Cardiovascular disease, obesity, and type 2 diabetes can be improved with these two fruits

Cardiovascular disease, obesity, and type 2 diabetes can be improved with these two fruitsCardiovascular disease, obesity, and type 2 diabetes can be improved by eating a combination of two particular fruits. Researchers found that eating a combination of compounds found in grapes and oranges could help improve the health of diabetics, reduce obesity, and lower the risk of heart disease.

The researchers are hopeful that the findings may be harnessed to improve treatment methods.


The researchers pharmaceutically combined the compounds found in oranges and grapes. The trial involved 32 overweight or obese individuals who were given the compounds in supplement form over the course of eight weeks. The participants stuck with their usual diet and did not alter their daily activity.

Patients taking this combination experienced a decrease in glucose, improvement in insulin resistance, and improvement in artery health. The researchers noted that insulin improvement after eight weeks of treatment was similar to what patients experienced six weeks after bariatric surgery. Furthermore, the combination was more effective than metformin in reducing blood sugar in obese participants.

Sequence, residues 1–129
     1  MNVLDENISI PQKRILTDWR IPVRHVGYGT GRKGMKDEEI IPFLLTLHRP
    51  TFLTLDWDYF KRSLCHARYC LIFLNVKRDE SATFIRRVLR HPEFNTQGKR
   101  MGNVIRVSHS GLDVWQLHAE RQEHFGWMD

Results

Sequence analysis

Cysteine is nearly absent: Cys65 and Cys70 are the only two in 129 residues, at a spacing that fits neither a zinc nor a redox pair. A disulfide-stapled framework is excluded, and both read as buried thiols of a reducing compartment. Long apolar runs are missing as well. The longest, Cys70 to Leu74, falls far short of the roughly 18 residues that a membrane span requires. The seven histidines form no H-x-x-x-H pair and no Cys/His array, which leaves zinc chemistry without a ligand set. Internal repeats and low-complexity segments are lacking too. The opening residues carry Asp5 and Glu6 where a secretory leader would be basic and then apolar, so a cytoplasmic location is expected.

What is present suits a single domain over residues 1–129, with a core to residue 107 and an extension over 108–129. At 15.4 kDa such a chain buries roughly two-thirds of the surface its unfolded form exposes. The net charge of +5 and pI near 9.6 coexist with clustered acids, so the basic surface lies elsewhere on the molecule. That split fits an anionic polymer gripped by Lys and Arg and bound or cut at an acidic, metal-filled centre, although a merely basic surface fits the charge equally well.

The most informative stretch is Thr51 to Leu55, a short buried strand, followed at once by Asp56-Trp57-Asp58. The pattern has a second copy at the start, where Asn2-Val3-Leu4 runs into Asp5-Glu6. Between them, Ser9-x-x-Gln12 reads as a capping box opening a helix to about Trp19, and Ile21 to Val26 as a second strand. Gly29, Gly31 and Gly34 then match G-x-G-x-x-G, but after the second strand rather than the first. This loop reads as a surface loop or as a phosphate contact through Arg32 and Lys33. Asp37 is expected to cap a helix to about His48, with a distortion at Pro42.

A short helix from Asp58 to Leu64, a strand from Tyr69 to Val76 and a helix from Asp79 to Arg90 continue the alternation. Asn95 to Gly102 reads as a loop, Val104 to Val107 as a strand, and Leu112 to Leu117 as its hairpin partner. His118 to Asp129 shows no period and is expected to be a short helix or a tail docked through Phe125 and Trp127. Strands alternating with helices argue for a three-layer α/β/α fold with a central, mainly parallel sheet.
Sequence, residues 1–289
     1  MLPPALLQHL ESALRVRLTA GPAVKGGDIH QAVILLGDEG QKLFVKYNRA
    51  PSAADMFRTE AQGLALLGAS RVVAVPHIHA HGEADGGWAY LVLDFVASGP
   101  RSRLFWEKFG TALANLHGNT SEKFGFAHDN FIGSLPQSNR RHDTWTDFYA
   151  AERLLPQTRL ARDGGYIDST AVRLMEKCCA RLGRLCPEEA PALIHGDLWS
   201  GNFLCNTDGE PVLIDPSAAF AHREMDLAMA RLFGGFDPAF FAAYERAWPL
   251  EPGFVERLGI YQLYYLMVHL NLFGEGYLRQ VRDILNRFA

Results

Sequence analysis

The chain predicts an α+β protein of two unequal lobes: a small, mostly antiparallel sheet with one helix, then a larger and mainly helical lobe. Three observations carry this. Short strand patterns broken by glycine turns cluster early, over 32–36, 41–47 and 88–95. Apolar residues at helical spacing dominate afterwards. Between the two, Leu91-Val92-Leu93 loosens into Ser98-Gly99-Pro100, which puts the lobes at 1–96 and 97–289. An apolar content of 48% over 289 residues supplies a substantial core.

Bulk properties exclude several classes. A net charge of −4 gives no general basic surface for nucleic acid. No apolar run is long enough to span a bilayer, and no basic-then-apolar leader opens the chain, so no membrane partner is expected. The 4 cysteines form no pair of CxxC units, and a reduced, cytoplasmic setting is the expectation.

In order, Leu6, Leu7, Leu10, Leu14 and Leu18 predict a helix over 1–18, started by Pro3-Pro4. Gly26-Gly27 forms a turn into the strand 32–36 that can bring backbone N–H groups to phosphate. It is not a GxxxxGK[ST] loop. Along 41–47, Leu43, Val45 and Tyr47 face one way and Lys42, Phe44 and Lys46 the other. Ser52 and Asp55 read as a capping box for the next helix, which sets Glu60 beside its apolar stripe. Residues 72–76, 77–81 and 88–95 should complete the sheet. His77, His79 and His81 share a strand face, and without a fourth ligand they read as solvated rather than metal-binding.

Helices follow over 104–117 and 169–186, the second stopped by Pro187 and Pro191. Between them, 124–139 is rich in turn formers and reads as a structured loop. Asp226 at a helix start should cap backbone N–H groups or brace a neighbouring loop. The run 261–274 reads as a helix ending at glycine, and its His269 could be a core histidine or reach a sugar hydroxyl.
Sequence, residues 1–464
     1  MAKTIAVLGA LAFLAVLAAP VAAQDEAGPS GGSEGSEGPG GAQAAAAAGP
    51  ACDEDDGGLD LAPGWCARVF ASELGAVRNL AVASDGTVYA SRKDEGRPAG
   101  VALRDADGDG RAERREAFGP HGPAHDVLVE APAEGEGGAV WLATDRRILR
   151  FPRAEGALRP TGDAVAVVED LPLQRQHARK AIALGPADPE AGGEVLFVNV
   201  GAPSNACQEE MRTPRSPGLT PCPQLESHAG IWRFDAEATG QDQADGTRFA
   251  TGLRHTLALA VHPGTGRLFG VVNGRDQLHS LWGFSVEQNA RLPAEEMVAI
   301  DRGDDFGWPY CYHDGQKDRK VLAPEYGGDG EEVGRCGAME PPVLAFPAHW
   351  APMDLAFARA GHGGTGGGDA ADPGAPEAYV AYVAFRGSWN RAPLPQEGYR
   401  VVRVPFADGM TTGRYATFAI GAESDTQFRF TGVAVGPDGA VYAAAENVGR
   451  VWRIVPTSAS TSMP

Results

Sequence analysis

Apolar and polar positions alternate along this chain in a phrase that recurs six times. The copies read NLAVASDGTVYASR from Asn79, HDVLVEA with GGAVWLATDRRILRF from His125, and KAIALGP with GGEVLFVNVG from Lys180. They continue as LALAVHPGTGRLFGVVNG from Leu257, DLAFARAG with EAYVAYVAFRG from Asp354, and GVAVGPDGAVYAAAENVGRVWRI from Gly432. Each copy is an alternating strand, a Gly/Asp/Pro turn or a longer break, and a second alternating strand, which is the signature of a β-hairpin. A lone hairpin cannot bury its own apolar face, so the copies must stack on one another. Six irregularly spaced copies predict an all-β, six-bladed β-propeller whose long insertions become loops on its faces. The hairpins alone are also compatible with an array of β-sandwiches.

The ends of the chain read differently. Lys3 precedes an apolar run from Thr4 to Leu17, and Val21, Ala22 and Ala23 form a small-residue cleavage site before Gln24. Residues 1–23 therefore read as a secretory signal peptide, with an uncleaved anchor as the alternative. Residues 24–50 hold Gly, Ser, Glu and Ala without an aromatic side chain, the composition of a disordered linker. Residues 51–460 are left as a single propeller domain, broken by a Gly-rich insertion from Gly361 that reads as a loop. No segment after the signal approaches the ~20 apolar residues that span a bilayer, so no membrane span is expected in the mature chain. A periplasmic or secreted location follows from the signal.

The fruit compounds work by increasing a protein called glyoxalase 1 (Glo1) in the body which neutralizes a harmful sugar-derived compound called methylglyoxal (MG). MG is a large contributor to the negative effects of sugar. An increased accumulation of MG along with a high energy diet fuels insulin resistance, which leads to type 2 diabetes, and damages blood vessels. Blocking MG has been shown to be beneficial for obese participants and is thought to help those with diabetes and at risk for heart disease, too.

Although these compounds are found in fruits, one would need to consume a lot of oranges and grapes in order to receive the full benefits. A pill would have to be developed using the recommended dosages of these compounds in order to deliver the clinically proven benefits to the patients.

Related: 5 winter beverages that are good for your heart

Author Bio

Emily Lunardo studied medical sociology at York University with a strong focus on the social determinants of health and mental illness. She is a registered Zumba instructor, as well as a Canfit Pro trainer, who teaches fitness classes on a weekly basis. Emily practices healthy habits in her own life as well as helps others with their own personal health goals. Emily joined Bel Marra Health as a health writer in 2013.


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